Sociologist Mary Pattillo, in her 2005 study of “Black Middle-Class Neighborhoods” in the Annual Review of Sociology, writes that defining the middle class is difficult and that her article might better be entitled “Black Non-Poor Neighborhoods.” Trade union discourse tends to rely on the term to describe the benefits of good union jobs. Columbus Ohio building trade union activist Dorsey Hagar, for example, says that union jobs get workers “on that direct path to the middle class where they’re providing for themselves and their family.”
Besides income, some people understand “middle class standing” as a social status, like occupational prestige and years of education. Sociologists today define the middle class as an ever-changing assortment of different occupational groups in “a heterogeneous and historically shifting middle class rather than distinct entities.”1 Others define middle class by levels of consumption, such as aspirations for home ownership, children’s education, health insurance and economic security, as in a 2010 Commerce Department document prepared for then Vice-President Joe Biden. If being middle class were just a matter of self-perception, almost all Americans would be in the middle class, according to one 2015 survey, which found that well over 85% call themselves middle class. Racial identification matters too; whites are far more likely to define themselves as middle class than are African Americans with similar incomes.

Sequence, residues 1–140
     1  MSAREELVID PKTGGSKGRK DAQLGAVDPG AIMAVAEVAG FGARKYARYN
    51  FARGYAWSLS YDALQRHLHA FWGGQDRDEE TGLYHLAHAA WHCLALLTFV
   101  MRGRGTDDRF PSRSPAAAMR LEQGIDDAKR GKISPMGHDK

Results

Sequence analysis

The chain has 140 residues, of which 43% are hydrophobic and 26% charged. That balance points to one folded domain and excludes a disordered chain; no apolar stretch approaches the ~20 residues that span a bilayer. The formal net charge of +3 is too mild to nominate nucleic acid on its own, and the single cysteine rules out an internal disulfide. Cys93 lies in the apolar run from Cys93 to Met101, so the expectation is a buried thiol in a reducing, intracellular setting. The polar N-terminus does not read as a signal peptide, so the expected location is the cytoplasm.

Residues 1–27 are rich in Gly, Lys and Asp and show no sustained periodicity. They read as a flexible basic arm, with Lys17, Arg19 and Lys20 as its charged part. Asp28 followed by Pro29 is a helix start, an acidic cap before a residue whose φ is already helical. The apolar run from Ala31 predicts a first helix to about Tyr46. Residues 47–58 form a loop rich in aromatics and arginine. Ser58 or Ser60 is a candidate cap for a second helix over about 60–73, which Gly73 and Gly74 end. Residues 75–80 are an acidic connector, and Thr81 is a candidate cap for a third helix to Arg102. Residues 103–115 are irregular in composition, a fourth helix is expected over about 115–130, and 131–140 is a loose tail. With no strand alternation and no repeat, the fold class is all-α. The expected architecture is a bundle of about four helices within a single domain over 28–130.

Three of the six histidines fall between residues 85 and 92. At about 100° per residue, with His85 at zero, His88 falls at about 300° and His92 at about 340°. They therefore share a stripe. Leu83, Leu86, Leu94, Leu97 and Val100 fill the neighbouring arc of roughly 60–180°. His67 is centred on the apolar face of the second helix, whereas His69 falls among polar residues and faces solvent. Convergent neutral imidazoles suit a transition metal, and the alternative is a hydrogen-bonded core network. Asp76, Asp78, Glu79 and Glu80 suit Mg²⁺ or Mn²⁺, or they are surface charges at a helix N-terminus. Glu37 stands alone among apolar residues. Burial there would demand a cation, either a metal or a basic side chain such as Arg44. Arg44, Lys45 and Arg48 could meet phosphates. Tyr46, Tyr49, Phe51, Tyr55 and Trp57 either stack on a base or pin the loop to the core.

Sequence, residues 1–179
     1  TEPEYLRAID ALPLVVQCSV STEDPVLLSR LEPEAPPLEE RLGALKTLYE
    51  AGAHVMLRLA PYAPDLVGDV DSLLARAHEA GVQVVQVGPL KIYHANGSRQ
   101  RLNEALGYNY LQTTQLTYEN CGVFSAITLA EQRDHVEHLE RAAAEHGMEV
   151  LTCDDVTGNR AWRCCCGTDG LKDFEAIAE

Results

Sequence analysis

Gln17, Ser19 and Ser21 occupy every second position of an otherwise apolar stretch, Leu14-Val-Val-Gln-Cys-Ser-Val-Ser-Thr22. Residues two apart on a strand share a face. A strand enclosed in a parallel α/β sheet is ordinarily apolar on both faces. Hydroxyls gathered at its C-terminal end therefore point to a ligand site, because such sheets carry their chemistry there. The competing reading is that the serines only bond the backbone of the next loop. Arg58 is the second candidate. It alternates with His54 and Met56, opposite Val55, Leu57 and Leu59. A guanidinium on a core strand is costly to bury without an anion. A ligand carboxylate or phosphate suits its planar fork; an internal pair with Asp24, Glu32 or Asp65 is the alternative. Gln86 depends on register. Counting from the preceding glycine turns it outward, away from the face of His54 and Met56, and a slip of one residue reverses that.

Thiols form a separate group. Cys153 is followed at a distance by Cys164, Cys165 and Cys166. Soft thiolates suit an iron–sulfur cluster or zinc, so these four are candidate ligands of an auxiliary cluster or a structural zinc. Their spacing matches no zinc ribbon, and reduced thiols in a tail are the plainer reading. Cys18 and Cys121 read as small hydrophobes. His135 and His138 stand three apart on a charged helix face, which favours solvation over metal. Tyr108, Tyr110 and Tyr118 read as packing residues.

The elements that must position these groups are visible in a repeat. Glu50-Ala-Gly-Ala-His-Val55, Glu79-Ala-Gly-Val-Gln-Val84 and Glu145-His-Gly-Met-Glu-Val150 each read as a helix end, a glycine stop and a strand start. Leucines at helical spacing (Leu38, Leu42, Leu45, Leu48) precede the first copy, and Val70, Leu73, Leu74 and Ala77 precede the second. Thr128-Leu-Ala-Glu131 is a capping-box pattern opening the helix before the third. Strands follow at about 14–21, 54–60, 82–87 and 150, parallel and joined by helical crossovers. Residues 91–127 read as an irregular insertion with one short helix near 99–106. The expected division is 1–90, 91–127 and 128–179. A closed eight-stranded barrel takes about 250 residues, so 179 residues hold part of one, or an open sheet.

In Marxist analysis, the understanding of “class” is very different. It starts by looking at large-scale social processes, and finds the basis of social classes in the relations of production in the economy. Those who own and control the means of production, and who are able to take ownership of all that is produced, form the ruling class; in capitalist society the ruling class is the bourgeoisie, while in feudal society, it was the landed aristocracy. Those who sell their labor power to the owners of the means of production are the proletariat or working class. Instead of class as a characteristic of individuals, Marxist analysis studies the way classes act in society as collective actors. Struggle between classes is the “motor of history,” driving all social change.